Clinton addresses China Internet Summit
Former U.S. President Bill Clinton on Saturday said the Internet economy might lead mankind to a better future while delivering a keynote speech at the China Internet Summit held in Hangzhou, capital of east China's ZhejiangProvince.
In his speech, Clinton said that via the use of the Internet, the mankind could accelerate the transition of ways to utilize energy, make economy develop in a balanced way so that human beings and the nature can coexist in a harmonious way.
"You can never imagine the Internet companies waste 60 percent of the resources, but in many power plants, 60 percent of the energy is wasted," said Clinton.
He went on to say that the Internet companies could help peoplefind substitute energy, develop energy-efficient technologies and create a hygienic future.
Clinton was a devoted supporter and promoter during his tenure of presidency for the so-called "information superhighways" that would connect all areas to state-of-the-art communications systems.
One of Clinton's main work in his retirement is to build a fundin support of AIDS and malaria prevention and control. He said he got information about AIDS and malaria situation in the world fromthe Internet, including a large amount of information publicized by the Chinese government.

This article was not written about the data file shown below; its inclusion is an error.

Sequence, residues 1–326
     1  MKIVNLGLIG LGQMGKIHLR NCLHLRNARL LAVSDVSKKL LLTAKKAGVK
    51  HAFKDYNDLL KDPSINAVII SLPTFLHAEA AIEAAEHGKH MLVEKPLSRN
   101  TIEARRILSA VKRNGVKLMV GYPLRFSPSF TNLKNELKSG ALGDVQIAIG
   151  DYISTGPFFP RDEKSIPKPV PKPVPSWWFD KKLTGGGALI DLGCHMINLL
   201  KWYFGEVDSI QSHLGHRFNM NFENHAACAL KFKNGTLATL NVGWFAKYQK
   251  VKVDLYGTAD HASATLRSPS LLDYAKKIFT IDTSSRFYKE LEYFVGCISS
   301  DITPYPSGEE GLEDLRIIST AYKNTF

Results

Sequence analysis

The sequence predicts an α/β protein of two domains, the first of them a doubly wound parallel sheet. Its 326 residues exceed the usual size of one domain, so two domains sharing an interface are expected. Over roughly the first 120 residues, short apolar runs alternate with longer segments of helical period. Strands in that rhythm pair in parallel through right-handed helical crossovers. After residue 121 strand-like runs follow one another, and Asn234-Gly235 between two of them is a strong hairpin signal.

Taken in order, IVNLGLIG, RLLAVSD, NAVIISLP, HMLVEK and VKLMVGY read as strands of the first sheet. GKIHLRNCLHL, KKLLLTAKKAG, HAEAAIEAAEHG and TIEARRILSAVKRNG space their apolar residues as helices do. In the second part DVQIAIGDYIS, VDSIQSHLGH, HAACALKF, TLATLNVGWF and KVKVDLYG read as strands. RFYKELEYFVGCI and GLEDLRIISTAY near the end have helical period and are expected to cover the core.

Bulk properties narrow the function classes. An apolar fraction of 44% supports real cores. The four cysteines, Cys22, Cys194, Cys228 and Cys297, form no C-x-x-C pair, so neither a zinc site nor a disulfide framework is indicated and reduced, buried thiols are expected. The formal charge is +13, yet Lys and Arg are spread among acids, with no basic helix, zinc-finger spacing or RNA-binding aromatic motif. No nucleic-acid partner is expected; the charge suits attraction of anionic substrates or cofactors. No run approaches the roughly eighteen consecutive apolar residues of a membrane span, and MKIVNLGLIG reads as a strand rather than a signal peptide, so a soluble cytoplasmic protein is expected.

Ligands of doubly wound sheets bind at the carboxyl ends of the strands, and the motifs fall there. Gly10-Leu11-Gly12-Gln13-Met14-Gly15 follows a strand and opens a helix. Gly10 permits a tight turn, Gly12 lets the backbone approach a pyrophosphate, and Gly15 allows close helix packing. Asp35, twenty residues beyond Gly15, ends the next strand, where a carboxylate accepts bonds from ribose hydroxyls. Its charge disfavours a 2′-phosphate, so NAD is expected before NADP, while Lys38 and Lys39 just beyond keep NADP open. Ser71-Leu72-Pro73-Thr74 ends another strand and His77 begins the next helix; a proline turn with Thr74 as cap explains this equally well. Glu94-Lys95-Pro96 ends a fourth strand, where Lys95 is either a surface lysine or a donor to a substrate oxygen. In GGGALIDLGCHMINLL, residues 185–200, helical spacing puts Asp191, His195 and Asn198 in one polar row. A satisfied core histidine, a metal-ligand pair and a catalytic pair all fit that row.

"The Internet is an inherently cooperative instrument and an inherently shared technology," Clinton said. "The Internet has thepotential to put power through information and communication in the hands of ordinary people."
Clinton also trumpeted the significance of expanding e-commerce, saying it can work for better efficiency, enlarge the structure of economy, because via the Internet one can secure morebusiness opportunities.
Initiated by Alibaba.com, one of China's key e-commerce companies, the summit has been held annually, except for last year, since 2000.
Before arriving in Hangzhou on Friday evening, Clinton also toured several other regions on the Chinese mainland, including the provinces of Henan and Yunnan, and Xinjiang Uygur Autonomous Region in northwest China. Enditem